ANNIE HALL is a gift from the gods, one of those untouchables bestowed on moviegoers every once in a while. I cringed when I heard the absurd idea that a planned sequel is being considered. Perfection cannot be improved upon and ANNIE HALL is a perfect film, no doubt about it.
It came to be created when comic actor/director, Woody Allen, and his working sidekick, Marshall Brickman, decided to fictionalize Allen’s then-romance with actress, Diane Keaton. The rest is movie history as together, cast and crew made what turned out to be the penultimate story of a love affair and its disintegration.
Yes, there are jokes a-plenty (that still make us laugh nearly forty years later) but ANNIE HALL, at its heart, is a bittersweet telling of how even a perfect-seeming love can go horribly wrong.
ANNIE HALL was a breakthrough film for Allen; prior to it, he had drawn up a series of zany human cartoons: TAKE THE MONEY AND RUN, BANANAS, SLEEPER—funny but one-dimensional romps with joke after joke popping off the screen at you—rat-a-tat-tat. Watched today, they remain anarchic, unfettered fun. But with ANNIE HALL, Allen arrives at a three-dimensional depiction of his characters and his plots—Alvy and Annie are real people with real emotions, real needs—the jokes that spill out of them embellish their characters, complement who they are—their humor is a solid part of them, not separate from them, spoken just to get a yuk out of an audience like you would see in a Mel Brooks’ movie or, as I say, in early Woody comedies.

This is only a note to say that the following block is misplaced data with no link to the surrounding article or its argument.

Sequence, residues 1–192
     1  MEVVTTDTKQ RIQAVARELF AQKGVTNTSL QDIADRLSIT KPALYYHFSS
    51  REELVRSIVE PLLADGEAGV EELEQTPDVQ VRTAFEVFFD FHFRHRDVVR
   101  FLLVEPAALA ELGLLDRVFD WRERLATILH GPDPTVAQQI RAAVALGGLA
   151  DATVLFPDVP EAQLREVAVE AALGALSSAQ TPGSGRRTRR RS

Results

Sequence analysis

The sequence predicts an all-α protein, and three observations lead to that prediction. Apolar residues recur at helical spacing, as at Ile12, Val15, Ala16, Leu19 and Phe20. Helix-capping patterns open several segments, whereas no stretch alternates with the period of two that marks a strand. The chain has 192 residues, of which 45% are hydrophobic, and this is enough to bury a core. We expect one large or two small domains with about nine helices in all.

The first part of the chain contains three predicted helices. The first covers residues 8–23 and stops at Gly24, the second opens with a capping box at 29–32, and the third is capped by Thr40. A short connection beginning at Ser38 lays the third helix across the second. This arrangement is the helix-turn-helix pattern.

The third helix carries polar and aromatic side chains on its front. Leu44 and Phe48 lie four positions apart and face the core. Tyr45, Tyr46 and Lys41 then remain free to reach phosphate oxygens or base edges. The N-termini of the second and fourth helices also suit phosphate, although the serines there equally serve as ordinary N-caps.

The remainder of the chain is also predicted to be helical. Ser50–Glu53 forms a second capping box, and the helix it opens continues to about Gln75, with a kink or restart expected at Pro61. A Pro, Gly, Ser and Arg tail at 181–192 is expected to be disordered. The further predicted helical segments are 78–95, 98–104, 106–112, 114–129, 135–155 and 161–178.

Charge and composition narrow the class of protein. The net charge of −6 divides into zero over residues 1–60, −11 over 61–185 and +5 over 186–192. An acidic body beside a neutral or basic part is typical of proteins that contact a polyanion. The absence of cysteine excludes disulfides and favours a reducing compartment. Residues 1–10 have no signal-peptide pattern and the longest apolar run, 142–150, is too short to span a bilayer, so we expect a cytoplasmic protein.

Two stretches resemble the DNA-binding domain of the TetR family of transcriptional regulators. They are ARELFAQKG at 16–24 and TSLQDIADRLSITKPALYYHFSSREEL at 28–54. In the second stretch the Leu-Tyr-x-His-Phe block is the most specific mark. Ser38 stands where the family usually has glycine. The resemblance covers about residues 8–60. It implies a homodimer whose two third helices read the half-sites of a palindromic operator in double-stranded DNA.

In ANNIE HALL, we delight in Annie’s and Alvy’s awkward courtship, watch as they fall in love and then watch as that same love falls apart. The dissolution of them is heartbreaking because not only during the course of 120 minutes do we grow to like and care about them as individuals, but also as a couple. We want so badly for love to work for them, for them to iron out their differences, we shout at the screen to “Smarten up!” “Don’t be so ambivalent, Annie!” “Stop acting so stupid, Alvy!”
They don’t, or can’t comply. If opposites attract, they also repel. The traits that draw Annie and Alvy together are the very same traits that tear them apart. And because we knew this sweet screen love was mirrored by the affair Keaton and Allen were having in private (Boy, does it ever show!), it is an absolute disaster when their relationship begins to crack apart, goes haywire like the cocktail party chatter scene, like the lobster running amok in the famously symbolic, surreal kitchen scene.
Alvy, Annie and friends are all people life is getting to, in the worst way, and they discover right in front of us that smart, cocktail talk and reading all of Proust in the original French does not a human connection sustain, for long. It is the differences between us that cause us to retreat from one another, for Annie and Alvy are sexually lit fireflies but compatibly dim. Compatibility-wise, they are in the dark, and as they come to realize this, we are sad with them, for them.
It is here, in his close-up dissection of a relationship, that Allen turns ANNIE HALL into a near-masterpiece of analysis and introspection, as searing as any film his idol, Ingmar Bergman, made. The budding, the blossoming, and then the withering and dying of Annie and Alvy as a couple are as exhilarating and then as painful to watch as any birth-to-death story can be.